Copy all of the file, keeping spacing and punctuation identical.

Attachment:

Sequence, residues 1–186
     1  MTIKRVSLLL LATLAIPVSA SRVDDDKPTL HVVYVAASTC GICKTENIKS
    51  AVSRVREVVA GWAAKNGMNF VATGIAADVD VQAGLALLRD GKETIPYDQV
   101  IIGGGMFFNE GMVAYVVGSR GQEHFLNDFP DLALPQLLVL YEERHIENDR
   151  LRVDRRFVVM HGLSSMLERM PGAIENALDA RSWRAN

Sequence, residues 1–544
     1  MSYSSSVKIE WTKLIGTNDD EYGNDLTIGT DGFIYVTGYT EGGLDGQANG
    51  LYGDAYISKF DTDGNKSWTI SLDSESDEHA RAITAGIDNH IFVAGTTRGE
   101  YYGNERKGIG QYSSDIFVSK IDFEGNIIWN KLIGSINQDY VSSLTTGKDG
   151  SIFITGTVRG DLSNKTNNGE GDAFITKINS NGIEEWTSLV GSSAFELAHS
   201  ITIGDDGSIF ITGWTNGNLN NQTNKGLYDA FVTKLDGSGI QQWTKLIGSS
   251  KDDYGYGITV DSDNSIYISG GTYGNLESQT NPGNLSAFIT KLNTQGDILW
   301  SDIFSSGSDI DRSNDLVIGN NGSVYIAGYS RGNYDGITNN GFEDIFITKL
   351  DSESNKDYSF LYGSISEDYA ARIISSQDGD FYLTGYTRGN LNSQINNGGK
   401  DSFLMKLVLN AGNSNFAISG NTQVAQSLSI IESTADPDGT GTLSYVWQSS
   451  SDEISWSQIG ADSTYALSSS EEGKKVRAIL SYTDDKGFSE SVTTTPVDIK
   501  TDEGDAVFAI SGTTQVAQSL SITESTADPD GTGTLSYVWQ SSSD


Sequence, residues 1–186
     1  MTIKRVSLLL LATLAIPVSA SRVDDDKPTL HVVYVAASTC GICKTENIKS
    51  AVSRVREVVA GWAAKNGMNF VATGIAADVD VQAGLALLRD GKETIPYDQV
   101  IIGGGMFFNE GMVAYVVGSR GQEHFLNDFP DLALPQLLVL YEERHIENDR
   151  LRVDRRFVVM HGLSSMLERM PGAIENALDA RSWRAN

Sequence, residues 1–544
     1  MSYSSSVKIE WTKLIGTNDD EYGNDLTIGT DGFIYVTGYT EGGLDGQANG
    51  LYGDAYISKF DTDGNKSWTI SLDSESDEHA RAITAGIDNH IFVAGTTRGE
   101  YYGNERKGIG QYSSDIFVSK IDFEGNIIWN KLIGSINQDY VSSLTTGKDG
   151  SIFITGTVRG DLSNKTNNGE GDAFITKINS NGIEEWTSLV GSSAFELAHS
   201  ITIGDDGSIF ITGWTNGNLN NQTNKGLYDA FVTKLDGSGI QQWTKLIGSS
   251  KDDYGYGITV DSDNSIYISG GTYGNLESQT NPGNLSAFIT KLNTQGDILW
   301  SDIFSSGSDI DRSNDLVIGN NGSVYIAGYS RGNYDGITNN GFEDIFITKL
   351  DSESNKDYSF LYGSISEDYA ARIISSQDGD FYLTGYTRGN LNSQINNGGK
   401  DSFLMKLVLN AGNSNFAISG NTQVAQSLSI IESTADPDGT GTLSYVWQSS
   451  SDEISWSQIG ADSTYALSSS EEGKKVRAIL SYTDDKGFSE SVTTTPVDIK
   501  TDEGDAVFAI SGTTQVAQSL SITESTADPD GTGTLSYVWQ SSSD